Digital technology has enhanced music production, recording and distribution in ways unimaginable just a few decades ago, but are we losing something more essential in the process? Chris May talks to ambient pioneer and friend of technology Brian Eno about the dangers of digital dependence in modern music.
Words: Chris May
Back in the early 1970s, Phil Spector launched a Bring Back Mono campaign. More of a publicity stunt than a real protest movement, it fizzled out after a couple of stories in Rolling Stone and failed utterly to change the course of history. Four decades on, another, more serious guerrilla-action is being fought, this time against the digitisation of recording and production.
Recording history since the arrival of rock ‘n’ roll can be divided into two halves, analogue era and digital era. In this model, analogue is equated with authenticity, digital with artificiality. Proponents of the model argue that, from the mid-1950s through the mid-1980s, analogue recording was primarily concerned with making musicians sound as good on record as they did on stage. By contrast, since the adoption of digital technology in the late-1980s, studios are said to have been expected to make musicians sound not merely as good as they are, but better. Digital tools have made it possible for the most indifferent singer, drummer or guitarist to sound like the business. Real music made in real time by real people has become an endangered species.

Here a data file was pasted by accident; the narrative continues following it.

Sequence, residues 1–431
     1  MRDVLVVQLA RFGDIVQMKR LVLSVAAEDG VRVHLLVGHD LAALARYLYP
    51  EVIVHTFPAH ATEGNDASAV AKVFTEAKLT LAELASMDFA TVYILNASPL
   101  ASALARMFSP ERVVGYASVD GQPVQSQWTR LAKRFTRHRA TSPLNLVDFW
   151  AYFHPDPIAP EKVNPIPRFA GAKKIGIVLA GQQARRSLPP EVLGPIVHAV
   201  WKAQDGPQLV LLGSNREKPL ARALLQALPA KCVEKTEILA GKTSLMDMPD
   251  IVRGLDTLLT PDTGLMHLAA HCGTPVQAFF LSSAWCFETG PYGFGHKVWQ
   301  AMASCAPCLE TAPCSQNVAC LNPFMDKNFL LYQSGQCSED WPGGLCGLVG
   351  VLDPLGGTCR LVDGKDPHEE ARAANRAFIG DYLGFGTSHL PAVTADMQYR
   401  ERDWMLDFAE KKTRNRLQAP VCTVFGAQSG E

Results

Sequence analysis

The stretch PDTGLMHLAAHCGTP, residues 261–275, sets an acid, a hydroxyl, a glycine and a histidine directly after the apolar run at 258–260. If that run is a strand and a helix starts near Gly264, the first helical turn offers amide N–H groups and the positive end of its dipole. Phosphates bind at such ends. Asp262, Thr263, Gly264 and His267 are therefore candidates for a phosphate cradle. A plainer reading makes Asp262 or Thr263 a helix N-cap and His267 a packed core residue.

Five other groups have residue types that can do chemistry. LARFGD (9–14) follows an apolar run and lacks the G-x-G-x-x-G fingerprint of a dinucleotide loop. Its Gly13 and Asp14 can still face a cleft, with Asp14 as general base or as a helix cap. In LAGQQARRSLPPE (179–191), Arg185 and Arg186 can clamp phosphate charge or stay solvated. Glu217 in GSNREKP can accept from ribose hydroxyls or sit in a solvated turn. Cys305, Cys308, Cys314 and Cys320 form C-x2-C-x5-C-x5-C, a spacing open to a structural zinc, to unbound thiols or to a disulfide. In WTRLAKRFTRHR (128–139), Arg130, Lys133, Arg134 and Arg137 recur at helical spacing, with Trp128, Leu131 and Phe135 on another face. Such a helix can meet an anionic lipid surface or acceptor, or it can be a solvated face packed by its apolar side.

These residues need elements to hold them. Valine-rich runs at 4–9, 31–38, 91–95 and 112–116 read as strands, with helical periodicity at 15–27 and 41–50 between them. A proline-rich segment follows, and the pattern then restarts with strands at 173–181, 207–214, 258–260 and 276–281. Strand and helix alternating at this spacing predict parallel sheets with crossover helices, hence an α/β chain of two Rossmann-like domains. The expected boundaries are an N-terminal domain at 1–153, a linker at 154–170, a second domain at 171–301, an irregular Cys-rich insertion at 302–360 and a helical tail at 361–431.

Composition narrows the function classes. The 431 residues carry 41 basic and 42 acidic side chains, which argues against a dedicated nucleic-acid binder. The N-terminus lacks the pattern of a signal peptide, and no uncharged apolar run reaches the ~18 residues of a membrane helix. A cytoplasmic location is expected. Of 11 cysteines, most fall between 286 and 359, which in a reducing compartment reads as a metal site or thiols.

The model is a crude over-simplification, of course. It ignores the conveniences and benefits of digital technology, not least the fact that affordable, home-studio set-ups have democratised recording. But is the price we are paying for digital’s upside too high? By embracing the new tech, are we losing the human factor which has been at the heart of music making? Are we ceding too much power to the machines? Is gloss replacing substance?
Techphobics are not the only people asking these questions. Brian Eno became an early adopter of new technology as a teenager. At art school in the mid 1960s, Eno studied under the modernist art-theorist Roy Ascott, who introduced him to the idea of “process not product” and encouraged his first experiments with tape recorders. In 1972, Eno began working with Robert Fripp on the tape-looping system later known as Frippertronics, and, in mid-decade, introduced his own tech-rich, ambient music. Eno’s current enthusiasms include generative music, which, in essence, involves writing some algorithms, pointing them in the right direction and standing well back.
After 50 years at the sharp end of technological innovation, Eno is the last person you might expect to have doubts about digital recording.
Yet in an interview for Jocks&Nerds magazine recently, Eno said: “As a record producer, digital technology makes me wonder about the whole direction recording is taking.”
Eno was speaking on the eve of the release of Knitting Factory Records’ Fela: Vinyl Box Set 3, which he compiled. He has been an Afrobeat devotee since 1973, when he chanced on Fela Kuti’s album Afrodisiac. I had asked Eno if he thought it was possible to retain the human touch, so explicit in Kuti’s Afrobeat recordings, while using sophisticated, digital studio-technology.
“It’s very difficult, and it’s continually under debate actually,” said Eno. “It doesn’t just apply with African recordings. It’s a problem everybody is having at the moment. Do I resist the temptation to perfect this thing? What do I lose by perfecting it? It’s difficult. Because now it is possible to mend anything, correct anything. The rhythm’s a bit out on that bar? OK, we’ll just stretch it a little bit. We can quantize everything now, we can quantize audio so the beat is absolutely perfect. We can sort of do and undo everything. And of course, most of the records we like, all of us, as listeners, are records where people didn’t do everything to fix them up and make them perfect.